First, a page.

Summary: Landlords want to be sure you're going to pay your rent on time. They don't see your credit score, but they can see your credit report. You should review it first.
By Ben Luthi
If you have bad credit, it affects more than the interest rate on your loans and credit cards. It can also make it difficult to get approved for an apartment.
It’s not uncommon for a landlord to run a credit check during its routine tenant screening. “There are some landlords who don’t run credit reports on applicants,” says Brian Davis, co-founder director of education at SparkRental, “but it’s a sign of inexperience and laziness on the part of the landlord.”
Those landlords who run a credit check do it primarily to make sure they can rely on you to keep up with your payments. As such, it’s important to know what landlords can and can’t see and what you can do to improve your chances of getting approved.
There’s no minimum credit score to be able to rent an apartment. In fact, landlords and property managers can’t view your credit score when they run a credit check; all they see is your credit report.
And while a credit score is a pretty good indicator of what’s on your credit report, you don’t have to worry about a landlord setting a hard minimum. At the same time, you’ll want to review your credit report before you start applying to make sure you’re a good candidate.
The two primary factors landlords look at are your past payment history and your current debt load. If you’ve had late payments in the past or have collection accounts on your credit report, for instance, you may be too risky for some landlords.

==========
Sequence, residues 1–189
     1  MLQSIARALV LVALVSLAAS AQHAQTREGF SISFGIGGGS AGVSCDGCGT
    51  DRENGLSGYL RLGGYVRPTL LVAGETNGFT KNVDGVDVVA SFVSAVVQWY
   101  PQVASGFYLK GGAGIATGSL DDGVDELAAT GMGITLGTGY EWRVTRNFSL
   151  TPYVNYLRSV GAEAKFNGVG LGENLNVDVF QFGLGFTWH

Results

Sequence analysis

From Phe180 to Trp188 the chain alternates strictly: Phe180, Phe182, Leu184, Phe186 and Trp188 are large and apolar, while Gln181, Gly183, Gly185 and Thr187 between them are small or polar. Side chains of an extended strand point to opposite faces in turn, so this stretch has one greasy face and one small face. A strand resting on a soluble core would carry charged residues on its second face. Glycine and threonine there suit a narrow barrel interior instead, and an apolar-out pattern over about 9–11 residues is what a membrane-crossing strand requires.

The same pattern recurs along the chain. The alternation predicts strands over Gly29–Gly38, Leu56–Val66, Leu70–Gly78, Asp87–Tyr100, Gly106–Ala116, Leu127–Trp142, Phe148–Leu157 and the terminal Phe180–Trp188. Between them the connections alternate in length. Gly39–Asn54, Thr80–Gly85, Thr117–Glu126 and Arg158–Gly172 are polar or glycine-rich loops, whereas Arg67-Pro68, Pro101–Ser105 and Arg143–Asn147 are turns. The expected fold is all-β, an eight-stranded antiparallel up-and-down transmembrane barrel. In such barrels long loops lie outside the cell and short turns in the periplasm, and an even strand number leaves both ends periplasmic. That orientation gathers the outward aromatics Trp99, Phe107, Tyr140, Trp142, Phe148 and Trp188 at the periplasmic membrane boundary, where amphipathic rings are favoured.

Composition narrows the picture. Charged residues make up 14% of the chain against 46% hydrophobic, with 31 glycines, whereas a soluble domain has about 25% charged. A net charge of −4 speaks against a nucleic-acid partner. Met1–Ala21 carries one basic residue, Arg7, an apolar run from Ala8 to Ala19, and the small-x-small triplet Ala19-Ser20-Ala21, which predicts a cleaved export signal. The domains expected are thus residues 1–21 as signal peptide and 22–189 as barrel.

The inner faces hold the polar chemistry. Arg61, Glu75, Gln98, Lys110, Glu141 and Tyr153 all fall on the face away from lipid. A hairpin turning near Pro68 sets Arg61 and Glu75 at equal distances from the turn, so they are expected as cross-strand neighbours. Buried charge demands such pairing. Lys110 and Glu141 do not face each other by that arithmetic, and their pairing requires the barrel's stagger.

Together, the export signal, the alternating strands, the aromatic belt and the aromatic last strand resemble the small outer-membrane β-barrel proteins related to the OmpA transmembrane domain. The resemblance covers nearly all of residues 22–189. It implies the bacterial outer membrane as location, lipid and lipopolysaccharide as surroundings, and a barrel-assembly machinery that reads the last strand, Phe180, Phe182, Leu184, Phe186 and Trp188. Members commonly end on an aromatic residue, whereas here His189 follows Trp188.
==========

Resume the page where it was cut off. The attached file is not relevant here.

The same goes if you have a lot of debt. If your debt-to-income ratio — your total monthly debt payments divided by your gross monthly income — is 50% or higher, it could be a sign that you have more debt than you can handle. And if you have to choose, the landlord may have less leverage than a lender to get you to pay.
If you’re brand new to credit, landlords may look more favorably on you than someone who has a history of delinquencies. But some may still be wary because having no credit history at all means you’re unpredictable.
So if you know a landlord isn’t going to find anything when they run a credit check on you, it’s important to highlight some of the reasons why they should take a chance on you.
For example, you can point to your lack of debt as a reason why you’ll always make your rent payment on time. You can do the same if the rent payment is a small fraction of your monthly income.
In other words, it’s possible to get an apartment if you have no credit history. But you’ll likely need to make your case to the potential landlord.
Not all landlords do a credit check, and some do just to make sure you don’t have any significant red flags. In general, you can find these types of landlords in low-income neighborhoods where more people may have a rough credit history.
It can also depend on how hot the rent market is, says Davis. “In lower-demand markets, landlords need to be more flexible and accept renters even with patchy credit,” he says. “In hot markets with high demand, landlords will be far more discerning about tenants’ credit.”